|Roles||Competed in Olympic Games|
|Full name||June Florence•Foulds-Paul (-Carroll, -Reynolds)|
|Born||13 June 1934 in Shepherd's Bush, Greater London, England (GBR)|
|Died||6 November 2020|
|Measurements||170 cm / 63 kg|
|Affiliations||Spartan Ladies, (GBR) / L.A.C., London (GBR)|
June Foulds was brought up by her grandparents under the illusion they were her real parents. Her birth-mother died when Foulds was eight, and she was led to believe that this woman was her older sister. She only found out the truth three years later when her grandmother also died. Now being raised by her grandfather, he was keen for her to have an interest other than hanging around with other kids on the streets, and so she joined the Spartan Ladies Athletics Club at the age of 15. That was in 1949, and the following year she was the WAAA 100 metres champion. She retained the title in 1951 and won it a third time in 1956 when she was also the 220 yards champion.
Foulds made the first of 15 international appearance in her inaugural competitive year, 1950, when she anchored the sprint relay team that won the gold medal at the European Championships in Belgium. She also won the individual 100 metres bronze medal. Foulds won a sprint relay bronze at the 1952 Helsinki Olympics and shortly afterwards married Olympic fencer Raymond Paul. She gave up running for a while and pursued a career in the media and both she and Paul became well-known celebrities, and she even hosted a television programme. After returning to the track, Foulds-Paul as she was then known, added a sprint relay silver at the 1956 Melbourne Olympics and in 1958, won another relay gold at the British Empire and Commonwealth Games in Cardiff. However, her career ended a month later after she pulled an Achilles tendon during that year’s Europeans in Sweden. She retired and had two more children with Paul before their marriage ended and she then married pop singer Ronnie Carroll, in another high-profile wedding.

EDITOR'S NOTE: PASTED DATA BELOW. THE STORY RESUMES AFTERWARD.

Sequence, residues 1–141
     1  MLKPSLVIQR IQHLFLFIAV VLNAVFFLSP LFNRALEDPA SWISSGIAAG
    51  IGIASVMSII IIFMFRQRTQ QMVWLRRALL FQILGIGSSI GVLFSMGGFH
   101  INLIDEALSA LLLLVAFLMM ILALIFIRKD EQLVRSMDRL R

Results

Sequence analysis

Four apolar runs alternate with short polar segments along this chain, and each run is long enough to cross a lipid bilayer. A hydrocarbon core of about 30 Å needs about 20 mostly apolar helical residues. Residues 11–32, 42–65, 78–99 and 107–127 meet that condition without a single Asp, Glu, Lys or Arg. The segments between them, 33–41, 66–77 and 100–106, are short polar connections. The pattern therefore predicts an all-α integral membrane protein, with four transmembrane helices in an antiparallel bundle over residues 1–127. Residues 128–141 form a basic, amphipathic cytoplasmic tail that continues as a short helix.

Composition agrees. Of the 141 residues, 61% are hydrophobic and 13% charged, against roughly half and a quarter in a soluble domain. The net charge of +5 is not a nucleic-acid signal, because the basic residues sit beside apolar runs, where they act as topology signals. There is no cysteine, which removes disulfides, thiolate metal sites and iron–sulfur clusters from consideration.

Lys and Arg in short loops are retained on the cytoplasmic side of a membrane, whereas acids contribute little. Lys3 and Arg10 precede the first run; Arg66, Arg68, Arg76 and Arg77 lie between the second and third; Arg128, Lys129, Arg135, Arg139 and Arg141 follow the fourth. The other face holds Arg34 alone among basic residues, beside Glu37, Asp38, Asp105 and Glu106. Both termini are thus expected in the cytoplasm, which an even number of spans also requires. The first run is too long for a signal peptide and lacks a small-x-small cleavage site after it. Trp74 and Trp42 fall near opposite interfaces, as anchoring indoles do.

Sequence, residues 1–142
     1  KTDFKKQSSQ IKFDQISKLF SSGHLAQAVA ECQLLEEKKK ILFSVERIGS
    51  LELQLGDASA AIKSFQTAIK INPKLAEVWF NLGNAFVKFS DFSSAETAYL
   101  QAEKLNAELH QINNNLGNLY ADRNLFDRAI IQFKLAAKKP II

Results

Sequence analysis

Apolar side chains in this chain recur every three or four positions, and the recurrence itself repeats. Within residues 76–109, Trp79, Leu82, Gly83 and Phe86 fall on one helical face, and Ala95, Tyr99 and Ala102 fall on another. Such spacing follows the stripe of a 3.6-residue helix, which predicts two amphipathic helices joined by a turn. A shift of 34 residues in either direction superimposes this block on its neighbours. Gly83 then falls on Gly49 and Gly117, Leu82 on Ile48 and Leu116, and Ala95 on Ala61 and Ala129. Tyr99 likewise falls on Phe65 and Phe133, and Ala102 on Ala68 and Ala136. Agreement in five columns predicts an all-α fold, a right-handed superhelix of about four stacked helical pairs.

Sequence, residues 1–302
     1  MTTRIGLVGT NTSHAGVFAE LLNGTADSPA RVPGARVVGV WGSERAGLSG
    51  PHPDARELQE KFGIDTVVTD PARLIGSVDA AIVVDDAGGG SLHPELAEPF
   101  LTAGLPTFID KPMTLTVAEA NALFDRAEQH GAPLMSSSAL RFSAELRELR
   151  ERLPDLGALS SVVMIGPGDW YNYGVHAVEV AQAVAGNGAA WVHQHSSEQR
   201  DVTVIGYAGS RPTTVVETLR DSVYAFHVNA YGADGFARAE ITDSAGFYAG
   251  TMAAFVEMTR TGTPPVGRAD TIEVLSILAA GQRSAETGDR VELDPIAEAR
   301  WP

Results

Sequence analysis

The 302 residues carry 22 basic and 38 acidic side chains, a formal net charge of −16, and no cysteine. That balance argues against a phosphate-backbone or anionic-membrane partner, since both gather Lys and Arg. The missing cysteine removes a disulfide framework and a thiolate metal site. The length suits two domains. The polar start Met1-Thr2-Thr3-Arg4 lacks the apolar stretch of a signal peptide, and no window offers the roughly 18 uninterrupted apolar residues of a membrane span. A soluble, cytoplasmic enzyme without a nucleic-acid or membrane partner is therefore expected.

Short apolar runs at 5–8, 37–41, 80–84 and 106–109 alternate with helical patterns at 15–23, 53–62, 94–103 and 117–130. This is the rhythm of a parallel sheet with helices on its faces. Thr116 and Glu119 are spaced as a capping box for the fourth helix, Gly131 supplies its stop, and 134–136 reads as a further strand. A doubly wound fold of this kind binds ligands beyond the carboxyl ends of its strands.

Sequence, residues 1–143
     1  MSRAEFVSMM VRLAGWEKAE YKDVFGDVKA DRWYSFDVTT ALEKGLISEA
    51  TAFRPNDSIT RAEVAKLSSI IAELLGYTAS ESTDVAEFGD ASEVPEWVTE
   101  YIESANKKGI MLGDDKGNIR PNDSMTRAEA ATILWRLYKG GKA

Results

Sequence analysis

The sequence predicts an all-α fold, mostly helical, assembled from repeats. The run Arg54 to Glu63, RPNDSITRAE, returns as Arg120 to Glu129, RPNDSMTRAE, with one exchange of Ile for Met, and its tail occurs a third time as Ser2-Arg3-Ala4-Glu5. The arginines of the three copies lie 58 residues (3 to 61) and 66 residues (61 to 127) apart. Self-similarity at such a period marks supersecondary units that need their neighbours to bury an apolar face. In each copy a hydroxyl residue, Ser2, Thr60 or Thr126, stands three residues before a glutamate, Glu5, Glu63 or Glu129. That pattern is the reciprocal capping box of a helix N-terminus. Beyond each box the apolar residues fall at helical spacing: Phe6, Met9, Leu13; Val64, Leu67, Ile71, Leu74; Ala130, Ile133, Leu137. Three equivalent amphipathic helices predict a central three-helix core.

As he came to the end of his pop career, Carroll was offered a job running a hotel in Madagascar but that fell through, and the couple decided to go to the Caribbean island of Grenada along with her five children (one of them being the three-time Olympic fencer Steven Paul), where they ran a beach nightclub, Sadly it failed, and they were declared bankrupt in 1974. Foulds returned to England and with another marriage over, was looking for a way of supporting her family, so she took a stall on the newly opened Camden Lock market in London. After realising there was not a food stall on the market, she opened one and this led to her opening up other food outlets around London under the style of “Mother Huffs”. Her food stall played a pivotal role in the development of the Camden Lock market. Her third husband, albeit for a brief time, was Eric Reynolds, one of the founders of the market.
Personal Bests: 100 – 11.6 (1956); 200 – 23.7 (1956).
|Games||Discipline (Sport) / Event||NOC / Team||Pos||Medal||As|
|1952 Summer Olympics||Athletics||GBR||June Foulds|
|100 metres, Women (Olympic)||4 h3 r2/4|
|4 × 100 metres Relay, Women (Olympic)||Great Britain||3||Bronze|
|1956 Summer Olympics||Athletics||GBR||June Paul|
|100 metres, Women (Olympic)||4 h1 r2/3|
|200 metres, Women (Olympic)||5|
|4 × 100 metres Relay, Women (Olympic)||Great Britain||2||Silver|